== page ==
Every time a worker moves a product, there's the risk of injury. Reduce the number of times employees touch the products and you will probably reduce the number of injuries.
"The ideal situation would be one-touch," Wilson says. "Touch the product once when it comes in and once when it leaves."
Aon's Quaid says he has visited warehouse facilities where products are moved a number of times before they are shipped out. "What kind of value are you adding by moving that product around?" he wonders. "You're adding to the cost of doing business, not only by risking employee injuries and the costs associated with them, but by using employee time to shift products around."
In its attempts to reduce injuries, Ace Hardware examined that issue. Management took a look at how vendors delivered their products to the facility. Originally, Ace received shipments in individual boxes and containers. Workers unloading the trucks had to handle every box.
"Receiving was the worst job in the warehouse," says Bob Pasek, regional manager. "We couldn't hire and keep people in this job. By the time you did that six hours a day, week after week, you wanted out."
So Ace began asking vendors to place merchandise on skids or pallets so that, in most cases, forklifts could be used to unload trucks. Ace began to bundle its outbound shipments the same way. Not only were injuries reduced, the unloading process went from taking several hours to taking about 20 minutes.
While not every company has the clout with vendors of an Ace Hardware, even smaller companies can examine their operations and make process changes to eliminate or reduce hazards. In addition, the changes do not have to cost thousands of dollars.
Quaid worked with one transportation company where employees had to pick heavy products from pallets closest to the aisle. Rather than have employees reach into the pallets to try to grab products from the back or walk into the racks, the company assigned an employee to rotate the pallets 180 degrees as products were cleared off one side. The cost to the company was minimal because an existing employee was reassigned to the task.
JSAs Pinpoint Problems
At International Truck and Engine Corp.'s 11 Parts Distribution Organization locations around the country, employees, supervisors, safety supervisors and safety committee members conduct job safety analyses (JSAs) and hazard assessments for all the jobs at the locations. They examine job tasks and identify hazards related to each job. Their goal is to improve the work process and make it safer.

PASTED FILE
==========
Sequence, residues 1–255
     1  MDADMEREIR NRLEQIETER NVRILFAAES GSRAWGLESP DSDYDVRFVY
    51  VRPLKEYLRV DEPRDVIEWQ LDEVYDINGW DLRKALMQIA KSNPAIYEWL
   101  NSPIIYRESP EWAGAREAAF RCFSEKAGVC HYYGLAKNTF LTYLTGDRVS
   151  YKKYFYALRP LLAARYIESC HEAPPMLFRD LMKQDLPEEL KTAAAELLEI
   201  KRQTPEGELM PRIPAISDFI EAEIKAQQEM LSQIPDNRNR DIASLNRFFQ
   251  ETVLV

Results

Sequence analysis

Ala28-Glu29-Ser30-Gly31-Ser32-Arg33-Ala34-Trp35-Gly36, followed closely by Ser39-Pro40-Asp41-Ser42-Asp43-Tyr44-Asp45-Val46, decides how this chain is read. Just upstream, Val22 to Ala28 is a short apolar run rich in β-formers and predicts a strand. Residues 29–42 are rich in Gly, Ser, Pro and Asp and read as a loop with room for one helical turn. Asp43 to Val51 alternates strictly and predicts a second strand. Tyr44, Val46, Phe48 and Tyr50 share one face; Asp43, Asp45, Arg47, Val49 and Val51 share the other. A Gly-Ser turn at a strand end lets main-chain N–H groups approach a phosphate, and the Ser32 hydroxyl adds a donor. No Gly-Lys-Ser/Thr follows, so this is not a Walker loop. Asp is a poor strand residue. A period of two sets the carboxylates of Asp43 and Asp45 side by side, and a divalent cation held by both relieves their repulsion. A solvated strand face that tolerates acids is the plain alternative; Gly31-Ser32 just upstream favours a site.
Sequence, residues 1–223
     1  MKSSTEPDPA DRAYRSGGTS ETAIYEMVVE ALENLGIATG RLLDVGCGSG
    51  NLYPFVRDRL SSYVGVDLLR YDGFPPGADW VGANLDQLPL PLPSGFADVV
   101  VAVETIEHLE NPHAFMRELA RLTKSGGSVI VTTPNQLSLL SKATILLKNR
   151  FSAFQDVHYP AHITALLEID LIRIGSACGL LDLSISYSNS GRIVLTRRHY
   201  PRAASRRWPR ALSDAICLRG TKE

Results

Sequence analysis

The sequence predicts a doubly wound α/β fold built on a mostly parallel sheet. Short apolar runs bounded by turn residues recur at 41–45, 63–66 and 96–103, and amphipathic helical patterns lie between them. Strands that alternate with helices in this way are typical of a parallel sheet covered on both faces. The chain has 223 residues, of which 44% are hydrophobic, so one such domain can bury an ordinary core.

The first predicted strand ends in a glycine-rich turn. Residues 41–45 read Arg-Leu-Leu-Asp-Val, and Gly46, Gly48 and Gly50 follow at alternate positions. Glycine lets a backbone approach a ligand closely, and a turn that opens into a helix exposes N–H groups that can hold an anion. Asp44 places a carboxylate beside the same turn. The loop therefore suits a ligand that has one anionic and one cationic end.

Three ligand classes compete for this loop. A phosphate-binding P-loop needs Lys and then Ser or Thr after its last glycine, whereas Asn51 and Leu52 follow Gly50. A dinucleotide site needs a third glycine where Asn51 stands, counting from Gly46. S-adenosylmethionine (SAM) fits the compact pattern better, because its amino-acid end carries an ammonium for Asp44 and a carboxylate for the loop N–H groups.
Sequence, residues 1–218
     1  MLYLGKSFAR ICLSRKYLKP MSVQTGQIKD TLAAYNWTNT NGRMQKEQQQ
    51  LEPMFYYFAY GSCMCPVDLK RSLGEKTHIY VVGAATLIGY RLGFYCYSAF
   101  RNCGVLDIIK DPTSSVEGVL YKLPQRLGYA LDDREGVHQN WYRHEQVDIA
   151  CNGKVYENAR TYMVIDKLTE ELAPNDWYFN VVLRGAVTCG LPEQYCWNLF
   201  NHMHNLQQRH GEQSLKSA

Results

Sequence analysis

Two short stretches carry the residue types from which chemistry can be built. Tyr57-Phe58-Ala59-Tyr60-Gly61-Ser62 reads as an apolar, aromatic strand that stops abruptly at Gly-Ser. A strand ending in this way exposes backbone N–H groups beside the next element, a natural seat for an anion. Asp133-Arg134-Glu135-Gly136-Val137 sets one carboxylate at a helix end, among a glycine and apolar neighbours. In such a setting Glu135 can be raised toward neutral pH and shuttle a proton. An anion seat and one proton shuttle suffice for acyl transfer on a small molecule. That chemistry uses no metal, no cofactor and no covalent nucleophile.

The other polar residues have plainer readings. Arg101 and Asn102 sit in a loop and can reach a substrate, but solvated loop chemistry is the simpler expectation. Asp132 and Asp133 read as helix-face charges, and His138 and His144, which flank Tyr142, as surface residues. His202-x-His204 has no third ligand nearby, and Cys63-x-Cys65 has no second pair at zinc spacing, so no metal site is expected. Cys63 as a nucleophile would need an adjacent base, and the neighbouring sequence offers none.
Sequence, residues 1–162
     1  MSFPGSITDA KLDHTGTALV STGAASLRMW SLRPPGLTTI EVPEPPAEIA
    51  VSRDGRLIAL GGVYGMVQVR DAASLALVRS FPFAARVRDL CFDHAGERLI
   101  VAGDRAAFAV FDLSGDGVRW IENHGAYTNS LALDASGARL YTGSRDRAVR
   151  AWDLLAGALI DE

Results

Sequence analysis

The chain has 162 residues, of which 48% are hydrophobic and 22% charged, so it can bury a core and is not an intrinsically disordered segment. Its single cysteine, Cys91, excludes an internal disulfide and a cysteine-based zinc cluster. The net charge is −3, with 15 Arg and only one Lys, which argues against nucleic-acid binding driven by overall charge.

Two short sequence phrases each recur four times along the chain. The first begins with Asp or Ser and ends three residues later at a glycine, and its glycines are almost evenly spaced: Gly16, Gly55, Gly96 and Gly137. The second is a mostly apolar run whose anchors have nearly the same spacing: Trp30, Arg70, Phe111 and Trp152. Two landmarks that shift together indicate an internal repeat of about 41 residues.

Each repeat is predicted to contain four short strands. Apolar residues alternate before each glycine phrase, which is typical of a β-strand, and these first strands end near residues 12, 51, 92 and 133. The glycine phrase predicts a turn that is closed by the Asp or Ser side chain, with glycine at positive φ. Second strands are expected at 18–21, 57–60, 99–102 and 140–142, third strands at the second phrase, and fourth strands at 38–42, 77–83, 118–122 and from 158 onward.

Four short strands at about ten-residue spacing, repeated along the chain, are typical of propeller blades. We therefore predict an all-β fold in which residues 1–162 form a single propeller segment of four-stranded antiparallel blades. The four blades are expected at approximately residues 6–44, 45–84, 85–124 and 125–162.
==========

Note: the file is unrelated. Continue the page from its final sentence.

For example, if a job task is unloading a pallet, hazards include the need to bend down to floor level, pick a product off the pallet, and stand and twist to place the product on a shelf. The addition of a lift table to raise and lower products, a suggestion made as part of a JSA, has eliminated back injuries among employees performing that job.
Another JSA at one of the company's facilities found that axle housings -- heavy parts each weighing 35 to 40 pounds -- were stored on the ground. Employees moving the parts had to wrestle with them and pull skids around to get at some of the parts. To counter the hazard, the company purchased cantilevered racks so that employees driving lift trucks can do the job.
The JSAs are reviewed every month at employee safety meetings, says John M. Altman, CSP, the company's manager of operations, environment and safety. Through changes instituted as a result of the JSAs, the company has reduced its injury frequency rate by approximately 70 percent and its lost-time rate by 60 percent since November 1998.
The investments in engineering controls and changes in work processes do not come cheap for companies such as Aurora Packing, Ace Hardware and International Truck and Engine, so management buy-in is essential.
"This commitment goes all the way up to the president of the company," Altman acknowledges. "A lift table can cost between $3,000 and $5,000, but it pays to invest in the equipment. The payoff is obvious. The cost of one back injury -- direct and indirect -- can build up and amount to a lot of money."
While management buy-in is key to the success of an ergonomics program at any warehouse, employee buy-in is crucial.
Communication with Employees
"Communication is key" to achieving employee buy-in, Fagel says. "If we're in the safety business, we're in the people business, so listen to them."
Ergonomic programs succeed because management approaches employees to find out what they want and need to do their jobs more safely and efficiently, Ergodyne's Wilson says.
"In the warehouse industry, there is a real attitude that 'we've always done it that way,'" he reveals. "Employees have to get out of that mindset, out of that institutionalized, cultural bias toward doing things one way."